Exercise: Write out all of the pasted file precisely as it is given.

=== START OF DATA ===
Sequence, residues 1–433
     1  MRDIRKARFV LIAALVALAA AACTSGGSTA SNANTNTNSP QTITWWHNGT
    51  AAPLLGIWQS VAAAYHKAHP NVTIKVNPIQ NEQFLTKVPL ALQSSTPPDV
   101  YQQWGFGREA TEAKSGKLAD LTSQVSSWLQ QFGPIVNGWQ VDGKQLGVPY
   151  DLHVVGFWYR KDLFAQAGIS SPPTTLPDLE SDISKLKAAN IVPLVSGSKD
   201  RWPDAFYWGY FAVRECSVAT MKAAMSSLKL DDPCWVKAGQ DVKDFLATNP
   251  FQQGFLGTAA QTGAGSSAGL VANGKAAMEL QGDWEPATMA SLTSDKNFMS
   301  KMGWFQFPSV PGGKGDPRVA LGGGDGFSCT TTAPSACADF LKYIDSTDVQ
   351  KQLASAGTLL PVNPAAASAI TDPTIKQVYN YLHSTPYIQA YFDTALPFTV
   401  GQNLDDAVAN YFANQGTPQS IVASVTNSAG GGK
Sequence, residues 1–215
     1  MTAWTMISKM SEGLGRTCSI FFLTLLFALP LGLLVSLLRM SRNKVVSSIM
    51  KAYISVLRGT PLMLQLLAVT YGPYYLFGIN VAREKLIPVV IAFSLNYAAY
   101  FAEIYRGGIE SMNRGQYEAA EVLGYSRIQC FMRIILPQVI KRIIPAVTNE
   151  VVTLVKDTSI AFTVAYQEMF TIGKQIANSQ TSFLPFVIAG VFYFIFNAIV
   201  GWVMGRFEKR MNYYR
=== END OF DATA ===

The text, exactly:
Sequence, residues 1–433
     1  MRDIRKARFV LIAALVALAA AACTSGGSTA SNANTNTNSP QTITWWHNGT
    51  AAPLLGIWQS VAAAYHKAHP NVTIKVNPIQ NEQFLTKVPL ALQSSTPPDV
   101  YQQWGFGREA TEAKSGKLAD LTSQVSSWLQ QFGPIVNGWQ VDGKQLGVPY
   151  DLHVVGFWYR KDLFAQAGIS SPPTTLPDLE SDISKLKAAN IVPLVSGSKD
   201  RWPDAFYWGY FAVRECSVAT MKAAMSSLKL DDPCWVKAGQ DVKDFLATNP
   251  FQQGFLGTAA QTGAGSSAGL VANGKAAMEL QGDWEPATMA SLTSDKNFMS
   301  KMGWFQFPSV PGGKGDPRVA LGGGDGFSCT TTAPSACADF LKYIDSTDVQ
   351  KQLASAGTLL PVNPAAASAI TDPTIKQVYN YLHSTPYIQA YFDTALPFTV
   401  GQNLDDAVAN YFANQGTPQS IVASVTNSAG GGK
Sequence, residues 1–215
     1  MTAWTMISKM SEGLGRTCSI FFLTLLFALP LGLLVSLLRM SRNKVVSSIM
    51  KAYISVLRGT PLMLQLLAVT YGPYYLFGIN VAREKLIPVV IAFSLNYAAY
   101  FAEIYRGGIE SMNRGQYEAA EVLGYSRIQC FMRIILPQVI KRIIPAVTNE
   151  VVTLVKDTSI AFTVAYQEMF TIGKQIANSQ TSFLPFVIAG VFYFIFNAIV
   201  GWVMGRFEKR MNYYR